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Pemayetv Emahakv hits court for heart disease fundraiser

Hoops for Heart contest winners pose after the Pemayetv Emahakv Charter School fundraising event Feb. 5 in Brighton.
Hoops for Heart contest winners pose after the Pemayetv Emahakv Charter School fundraising event Feb. 5 in Brighton.

BRIGHTON — Marking February’s American Heart Month, Pemayetv Emahakv Charter School middle school students participated in the Hoops for Heart program Feb. 5 to help raise awareness about heart disease and stroke.

Sponsored by SHAPE (Society of Health and Physical Educators) America and the American Heart Association, Hoops for Heart originated at New Mexico’s Albuquerque Academy in 1989. Through the program parents, teachers and students unite to raise money for research and educational programs that help battle heart disease.

“We try to make them aware of [heart disease], but with them being kids, they feel invincible,” said Chris Goodwin, PECS middle school P.E. teacher.

Heart disease is the leading cause of death in the United States, killing more than 600,000 people each year. In Indian Country, it is second only to cancer in term of deaths, according to the Centers for Disease Control and Prevention.

PECS students participated in five Hoops for Heart events at the school gym: knockout, free-throw shooting, half-court shooting, spot shooting and a slam dunk contest. The event ended with three-on-three basketball games that lasted three minutes each. With bags of popcorn and bottles of water, some students watched from bleachers while peers participated in the events. Students who raised at least $10 were exempt two and a half hours from classes to participate.

“I think it’s fun and important,” said sixth-grader Jaytron Baker, who won the free-throw and knockout contests. He raised $10 for the effort but said he wants to shoot for $1,000 next year.

Hoops for Heart has raised more than $50 million to battle heart disease. PECS students contributed to the success. Brothers Erik and Michael Garcia raised $36,000 in just two years with their mother Rita McCabe’s help. This year, PECS middle school students raised $1,771. Kamani Smith, Leilani Burton, and brothers Kiowa and Sheldon Garcia each raised $250.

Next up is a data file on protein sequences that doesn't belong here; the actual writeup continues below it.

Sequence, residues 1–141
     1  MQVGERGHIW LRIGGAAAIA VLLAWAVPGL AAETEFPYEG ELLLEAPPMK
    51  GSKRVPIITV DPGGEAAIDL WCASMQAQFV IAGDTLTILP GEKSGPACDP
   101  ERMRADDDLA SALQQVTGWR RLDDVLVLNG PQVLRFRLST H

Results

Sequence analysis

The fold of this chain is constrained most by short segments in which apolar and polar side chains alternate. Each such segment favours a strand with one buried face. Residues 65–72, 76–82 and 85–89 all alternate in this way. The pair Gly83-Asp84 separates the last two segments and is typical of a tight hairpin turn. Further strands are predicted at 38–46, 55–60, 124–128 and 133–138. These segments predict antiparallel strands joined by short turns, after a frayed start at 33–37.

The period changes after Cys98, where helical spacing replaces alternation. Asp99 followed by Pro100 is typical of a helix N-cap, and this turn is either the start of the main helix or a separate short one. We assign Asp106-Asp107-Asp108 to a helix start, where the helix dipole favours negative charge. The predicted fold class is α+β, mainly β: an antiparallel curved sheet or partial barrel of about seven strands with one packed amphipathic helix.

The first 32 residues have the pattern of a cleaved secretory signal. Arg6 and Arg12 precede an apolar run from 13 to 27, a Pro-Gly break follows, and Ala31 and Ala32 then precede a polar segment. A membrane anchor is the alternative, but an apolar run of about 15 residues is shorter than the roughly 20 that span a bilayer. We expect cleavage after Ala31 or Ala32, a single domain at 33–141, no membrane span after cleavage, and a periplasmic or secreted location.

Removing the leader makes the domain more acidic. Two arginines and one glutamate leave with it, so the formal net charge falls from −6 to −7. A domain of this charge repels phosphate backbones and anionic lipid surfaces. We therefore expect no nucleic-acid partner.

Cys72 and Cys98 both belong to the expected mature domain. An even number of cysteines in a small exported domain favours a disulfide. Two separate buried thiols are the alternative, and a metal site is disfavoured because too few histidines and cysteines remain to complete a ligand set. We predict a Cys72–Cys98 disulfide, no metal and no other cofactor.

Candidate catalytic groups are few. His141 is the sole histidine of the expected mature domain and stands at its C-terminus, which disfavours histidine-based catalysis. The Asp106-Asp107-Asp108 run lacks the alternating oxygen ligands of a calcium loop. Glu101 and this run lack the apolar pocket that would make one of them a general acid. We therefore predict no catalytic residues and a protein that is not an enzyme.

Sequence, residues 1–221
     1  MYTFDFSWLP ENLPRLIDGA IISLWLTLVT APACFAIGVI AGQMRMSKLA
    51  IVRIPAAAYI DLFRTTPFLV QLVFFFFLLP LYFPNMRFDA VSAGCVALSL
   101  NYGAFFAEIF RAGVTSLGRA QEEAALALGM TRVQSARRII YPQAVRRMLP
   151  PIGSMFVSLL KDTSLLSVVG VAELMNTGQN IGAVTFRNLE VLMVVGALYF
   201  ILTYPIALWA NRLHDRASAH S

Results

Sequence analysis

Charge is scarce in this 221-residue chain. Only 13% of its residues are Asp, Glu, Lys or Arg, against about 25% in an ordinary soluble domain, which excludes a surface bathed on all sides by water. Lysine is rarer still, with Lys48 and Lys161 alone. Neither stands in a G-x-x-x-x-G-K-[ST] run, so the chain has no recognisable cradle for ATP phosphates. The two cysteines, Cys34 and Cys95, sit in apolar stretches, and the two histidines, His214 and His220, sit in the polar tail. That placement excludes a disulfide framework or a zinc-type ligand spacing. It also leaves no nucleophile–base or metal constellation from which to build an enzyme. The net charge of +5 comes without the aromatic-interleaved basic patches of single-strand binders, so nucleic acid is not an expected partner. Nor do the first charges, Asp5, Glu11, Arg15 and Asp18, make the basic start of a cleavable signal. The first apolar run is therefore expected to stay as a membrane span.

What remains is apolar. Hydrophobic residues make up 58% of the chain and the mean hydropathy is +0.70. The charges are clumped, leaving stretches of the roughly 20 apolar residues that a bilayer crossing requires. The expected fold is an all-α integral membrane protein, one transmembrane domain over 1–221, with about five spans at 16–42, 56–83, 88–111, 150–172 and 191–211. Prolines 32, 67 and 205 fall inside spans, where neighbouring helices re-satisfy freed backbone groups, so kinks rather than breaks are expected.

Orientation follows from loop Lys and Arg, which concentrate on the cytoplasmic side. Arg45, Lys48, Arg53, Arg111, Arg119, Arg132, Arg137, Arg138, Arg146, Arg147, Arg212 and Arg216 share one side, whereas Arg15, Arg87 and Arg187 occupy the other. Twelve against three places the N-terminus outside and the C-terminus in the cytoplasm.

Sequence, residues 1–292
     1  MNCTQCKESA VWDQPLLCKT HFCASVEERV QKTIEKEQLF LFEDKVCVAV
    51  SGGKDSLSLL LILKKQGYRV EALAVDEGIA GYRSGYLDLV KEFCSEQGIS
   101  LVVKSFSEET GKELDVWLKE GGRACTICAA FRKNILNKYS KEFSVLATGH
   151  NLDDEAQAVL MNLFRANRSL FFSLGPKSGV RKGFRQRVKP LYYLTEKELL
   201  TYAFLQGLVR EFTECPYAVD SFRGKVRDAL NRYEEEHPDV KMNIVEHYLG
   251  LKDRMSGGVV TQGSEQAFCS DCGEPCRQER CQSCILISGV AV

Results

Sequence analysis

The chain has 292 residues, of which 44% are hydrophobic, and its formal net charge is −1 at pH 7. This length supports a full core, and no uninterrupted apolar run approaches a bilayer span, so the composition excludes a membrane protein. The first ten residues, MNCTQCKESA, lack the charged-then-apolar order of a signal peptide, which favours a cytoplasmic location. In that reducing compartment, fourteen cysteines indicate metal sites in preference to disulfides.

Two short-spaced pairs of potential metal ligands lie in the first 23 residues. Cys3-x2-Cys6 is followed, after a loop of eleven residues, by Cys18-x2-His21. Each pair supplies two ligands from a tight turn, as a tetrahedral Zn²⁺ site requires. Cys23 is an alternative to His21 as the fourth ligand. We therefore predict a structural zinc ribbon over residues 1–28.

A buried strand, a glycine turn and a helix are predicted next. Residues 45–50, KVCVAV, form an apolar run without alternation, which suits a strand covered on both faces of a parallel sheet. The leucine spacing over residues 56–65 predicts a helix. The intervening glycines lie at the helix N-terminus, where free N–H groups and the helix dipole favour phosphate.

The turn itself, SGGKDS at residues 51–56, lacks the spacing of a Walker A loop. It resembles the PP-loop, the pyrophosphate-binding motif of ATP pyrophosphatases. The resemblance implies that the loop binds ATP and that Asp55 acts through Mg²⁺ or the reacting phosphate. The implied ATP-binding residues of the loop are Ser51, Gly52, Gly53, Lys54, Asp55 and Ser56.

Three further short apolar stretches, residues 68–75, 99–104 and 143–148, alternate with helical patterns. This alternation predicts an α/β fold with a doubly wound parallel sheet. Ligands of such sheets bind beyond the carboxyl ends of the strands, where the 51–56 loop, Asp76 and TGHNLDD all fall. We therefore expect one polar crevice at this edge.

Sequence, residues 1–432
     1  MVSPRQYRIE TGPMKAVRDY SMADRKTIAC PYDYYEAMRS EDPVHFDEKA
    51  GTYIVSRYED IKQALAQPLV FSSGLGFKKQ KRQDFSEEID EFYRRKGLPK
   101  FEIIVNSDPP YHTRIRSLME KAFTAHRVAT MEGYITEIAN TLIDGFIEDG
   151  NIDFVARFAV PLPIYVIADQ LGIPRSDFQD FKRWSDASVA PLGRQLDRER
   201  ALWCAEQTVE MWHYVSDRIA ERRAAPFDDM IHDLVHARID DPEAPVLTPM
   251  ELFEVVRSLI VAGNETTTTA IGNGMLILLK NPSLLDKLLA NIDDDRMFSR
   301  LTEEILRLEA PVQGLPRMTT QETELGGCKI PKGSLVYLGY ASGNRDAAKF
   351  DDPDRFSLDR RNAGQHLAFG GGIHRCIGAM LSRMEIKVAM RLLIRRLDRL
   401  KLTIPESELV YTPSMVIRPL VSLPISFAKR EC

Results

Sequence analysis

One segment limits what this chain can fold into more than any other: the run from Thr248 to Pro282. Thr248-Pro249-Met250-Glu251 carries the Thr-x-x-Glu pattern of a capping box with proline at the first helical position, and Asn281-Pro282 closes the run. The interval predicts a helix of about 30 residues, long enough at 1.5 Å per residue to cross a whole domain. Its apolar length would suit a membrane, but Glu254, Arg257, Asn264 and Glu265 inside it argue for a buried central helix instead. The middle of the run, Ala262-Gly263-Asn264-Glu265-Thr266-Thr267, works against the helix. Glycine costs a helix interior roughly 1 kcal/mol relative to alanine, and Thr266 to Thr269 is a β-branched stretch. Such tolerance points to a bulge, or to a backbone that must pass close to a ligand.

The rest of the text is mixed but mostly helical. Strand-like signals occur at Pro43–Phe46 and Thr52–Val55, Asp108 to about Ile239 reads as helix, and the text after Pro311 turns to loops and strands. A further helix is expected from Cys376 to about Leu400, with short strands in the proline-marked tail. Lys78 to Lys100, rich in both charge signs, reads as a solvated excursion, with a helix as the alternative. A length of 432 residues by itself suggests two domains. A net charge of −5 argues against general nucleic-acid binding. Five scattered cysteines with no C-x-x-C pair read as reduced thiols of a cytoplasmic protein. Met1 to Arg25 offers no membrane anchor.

For Kamani, an eighth-grader, fundraising was personal. He has a cousin with heart problems and an uncle who underwent heart surgery.

“Most people think they’re too cool to raise funds,” Kamani said. “I think it’s cool to do fundraisers because you can help someone and save lives.”

Although people can be born with certain forms of heart disease, most problems result from unhealthy lifestyle habits, such as smoking, stress, excessive alcohol usage, diabetes and high blood pressure.

There are more than 10 types of heart disease, including coronary heart disease, heart attack and heart murmurs. They can involve constricted blood vessels or actual heart muscle complications. Although symptoms may vary for each specific heart disease, generic side effects are shortness of breath, fatigue, chest pain and fainting.

Decreasing saturated and trans fats and sodium intake and eating grains, legumes and foods rich in fiber reduce the risk of heart disease, according to the CDC. Several hours of exercise weekly further help.

 

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Aaron Tommie
Aaron has worked for the Tribe since 2015. He is inspired by people who are selfless, humble, and motivated. His family is the most important aspect of his life and is a die hard fan of the Los Angeles Lakers. He came to work for the Tribe to show his appreciation to his ancestors for the blessings Tribal citizens receive based on their foresight and the sacrifices they made. He loves mysteries and conspiracy theories and is a huge on a great story line or plot in something that is supposed to entertain him.
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